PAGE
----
A Suspense Story: Our Lives

One of the downsides of dying is that it can be like failing to find out whose hand gets asked in marriage in a romance novel or which of the semifinalists you have kept track of in a beauty pageant, horse race or ballgame will win. This may sound morbid, but sometimes while I am reading a gripping novel I pray that if I do have to die suddenly, let me at least get to the end of the story before I get to the end of my own. (Do you think like that too or is that just me?)

There are more personal stories people are afraid of missing out on, such as a grandchild’s wedding, a graduation, and so on. Then there are those matters, which differ from completing a crossword puzzle, seeing the outcome of a bet or missing a holiday, that are further out into the future. I will most probably have to content myself with not finding out if extraterrestrials exist or whether humankind will ever be able to transfer in a pinch to another planet, or whether the Beatles will endure as many centuries as Beethoven.

There is yet another kind of loss, and that is missing something or someone versus missing out on something or someone. Even though presumably the former is not possible once we are dead, we do and can anticipate such  losses beforehand. Besides loved ones, this might include any ongoing part of our lives, such as appealing food, travel, uplifting music and so on.

I suppose what people would miss or miss out on depends on personality and priorities. How about we make this post a workshop and see? That is, to be on the honor roll, you have to participate! I will even go first so you can work up some courage: Besides friends and family, I think I would most miss being out and about in obedient nature (That is, I am fine with setting aside forceful winds, flooding and immoderate temperatures.); chocolate of course; writing posts and collections of stories; and satisfying my curiosity about other people’s life stories. As far as what I most probably will miss out on as opposed to missing, as I just mentioned, I wish I could know if there are extraterrestrials and what they would be like. What might their values be? What might they understand and not understand? What might we learn from them and them from us? (At least as a consolation prize, I can answer these in the fiction I am writing these days.) In general, I will miss out on whatever technological advances are in store for humankind, and how and whether worldwide problems such as mental illness will ever be eliminated or at least better managed.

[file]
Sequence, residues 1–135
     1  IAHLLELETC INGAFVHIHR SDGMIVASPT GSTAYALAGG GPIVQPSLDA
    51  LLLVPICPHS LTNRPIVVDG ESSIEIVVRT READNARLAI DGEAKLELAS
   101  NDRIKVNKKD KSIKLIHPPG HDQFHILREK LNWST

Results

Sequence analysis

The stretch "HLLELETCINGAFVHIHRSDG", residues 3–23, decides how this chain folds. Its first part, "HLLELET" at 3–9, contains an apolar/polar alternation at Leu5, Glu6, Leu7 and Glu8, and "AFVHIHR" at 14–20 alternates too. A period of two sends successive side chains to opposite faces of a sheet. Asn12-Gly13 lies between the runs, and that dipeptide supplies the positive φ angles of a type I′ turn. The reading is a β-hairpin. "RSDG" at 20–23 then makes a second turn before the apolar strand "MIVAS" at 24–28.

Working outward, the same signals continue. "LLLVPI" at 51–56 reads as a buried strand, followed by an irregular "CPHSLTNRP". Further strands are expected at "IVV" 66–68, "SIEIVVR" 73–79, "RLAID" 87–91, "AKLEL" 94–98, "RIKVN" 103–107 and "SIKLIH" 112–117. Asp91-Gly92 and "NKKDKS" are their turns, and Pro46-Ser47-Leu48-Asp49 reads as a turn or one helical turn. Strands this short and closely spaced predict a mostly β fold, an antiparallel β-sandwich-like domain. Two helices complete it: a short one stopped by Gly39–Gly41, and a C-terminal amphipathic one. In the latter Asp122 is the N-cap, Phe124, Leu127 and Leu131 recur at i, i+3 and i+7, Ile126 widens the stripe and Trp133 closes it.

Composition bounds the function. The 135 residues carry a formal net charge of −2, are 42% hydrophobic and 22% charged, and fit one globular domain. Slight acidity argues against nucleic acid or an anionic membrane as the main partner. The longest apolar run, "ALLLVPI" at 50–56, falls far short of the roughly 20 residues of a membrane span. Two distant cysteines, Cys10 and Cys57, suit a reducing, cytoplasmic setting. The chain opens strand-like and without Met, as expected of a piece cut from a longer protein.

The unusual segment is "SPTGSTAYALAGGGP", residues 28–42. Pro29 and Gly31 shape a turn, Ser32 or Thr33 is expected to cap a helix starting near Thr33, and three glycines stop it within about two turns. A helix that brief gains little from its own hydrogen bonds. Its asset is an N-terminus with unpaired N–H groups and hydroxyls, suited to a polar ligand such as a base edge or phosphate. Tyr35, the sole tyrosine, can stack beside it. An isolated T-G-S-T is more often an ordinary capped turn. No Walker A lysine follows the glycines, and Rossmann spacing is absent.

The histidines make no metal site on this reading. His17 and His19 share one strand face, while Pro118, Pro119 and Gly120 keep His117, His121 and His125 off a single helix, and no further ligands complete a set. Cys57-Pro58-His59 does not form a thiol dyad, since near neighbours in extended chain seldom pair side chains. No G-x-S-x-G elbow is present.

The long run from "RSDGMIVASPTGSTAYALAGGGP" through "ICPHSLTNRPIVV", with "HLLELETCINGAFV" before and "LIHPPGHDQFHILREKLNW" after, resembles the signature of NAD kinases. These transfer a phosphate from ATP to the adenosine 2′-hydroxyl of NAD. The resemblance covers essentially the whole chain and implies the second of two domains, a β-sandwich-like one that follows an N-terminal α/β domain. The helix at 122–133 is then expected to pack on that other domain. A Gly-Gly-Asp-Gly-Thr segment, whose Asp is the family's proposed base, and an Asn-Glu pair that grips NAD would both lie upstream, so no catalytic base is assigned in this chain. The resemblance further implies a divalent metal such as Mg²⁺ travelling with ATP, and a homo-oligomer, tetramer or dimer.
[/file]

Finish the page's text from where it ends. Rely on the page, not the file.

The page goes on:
As I started this post, I did not completely think through what I would list beforehand. This is the genuine deal. What I learned, and least anticipated listing, was writing. This makes me reflect on how valuable it has been in making my life an adventure through the interaction it has generated. I relish all the comments I have received on this blog, emails and Twitter for example, and of course all the feedback on my book.

Now it is your turn, in the comments below, to try out this exercise. You might find out something new about yourself. Not only that, you may become more aware of who and what is most important to spend time on now. And who knows? Perhaps seeing each others’ answers below may increase our awareness in unforeseen ways. Care to join in this experiment?


Announcement: The Angry Coffee Bean Café in North Arlington, NJ on 89 Ridge Road will present “The Spoken Word,” my writers’ group first public event. Eight writers (some published such as I) will read from various genres. The event starts at 6:30PM on Monday, November 10th.